The Kalapuya descendants were restored through the restoration of the Confederated Tribes of the Siletz (1977) and Confederated Tribes of the Grand Ronde Community of Oregon (1983).

The descendants of the Kalapuya tribes and bands married extensively into other tribes throughout the Northwest and within the reservation, and most now have multiple native ancestries. Most Kalapuya descendants are enrolled at The Confederated Tribes of the Grand Ronde Community. There are an estimated 4,000 Kalapuya descendants.

Kalapuya groups (defined by language)

blue pin the Northern Kalapuya Language consisting of:

  • the Tualatin dialect spoken along the Tualatin River, Lake Wapato, and the lower Willamette River (northern Willamette Valley)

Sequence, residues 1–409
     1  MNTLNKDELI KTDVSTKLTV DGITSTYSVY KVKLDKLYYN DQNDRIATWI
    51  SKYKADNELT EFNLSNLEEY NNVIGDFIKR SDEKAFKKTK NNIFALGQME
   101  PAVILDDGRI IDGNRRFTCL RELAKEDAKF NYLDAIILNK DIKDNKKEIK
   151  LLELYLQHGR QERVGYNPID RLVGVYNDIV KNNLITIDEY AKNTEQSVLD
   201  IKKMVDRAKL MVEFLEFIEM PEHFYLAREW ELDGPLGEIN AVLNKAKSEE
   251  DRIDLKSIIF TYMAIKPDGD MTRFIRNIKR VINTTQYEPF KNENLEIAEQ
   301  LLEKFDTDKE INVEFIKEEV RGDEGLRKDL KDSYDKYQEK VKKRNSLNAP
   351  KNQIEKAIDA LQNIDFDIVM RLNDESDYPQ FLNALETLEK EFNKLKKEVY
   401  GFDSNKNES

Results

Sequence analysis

• the Yamhill dialect spoken along the Yamhill River (northwestern Willamette Valley)

blue pin the Central Kalapuyan Language consisting of:

  • the Ahantchuyuk dialect spoken along the Pudding and Molalla Rivers (northeastern Willamette Valley)
  • the Santiam dialect spoken along the Lower Santiam River (central Willamette Valley)
  • the Luckiamute dialect spoken along the Luckiamute River (central Willamette Valley)
  • the Chepenafa dialect spoken along Mary’s River (central Willamette Valley)
  • the Chemapho dialect spoken along Muddy Creek (central Willamette Valley)
  • the Tsankupi dialect spoken along the Calapooia River (southeastern Willamette Valley)
  • the Chelamela or Long Tom dialect spoken along the Long Tom River (southwestern Willamette Valley)
  • the Winefelly and Mohawk dialects spoken along the Lower McKenzie, Mohawk, and Coast Fork Willamette Rivers (southeastern Willamette Valley)

blue pin the Southern Kalapuyan (Yoncalla) Language consisting of:

  • two or three (?) dialects along Elk, Yoncalla and Calapooya Creeks and the middle Umpqua River (southwestern Oregon interior)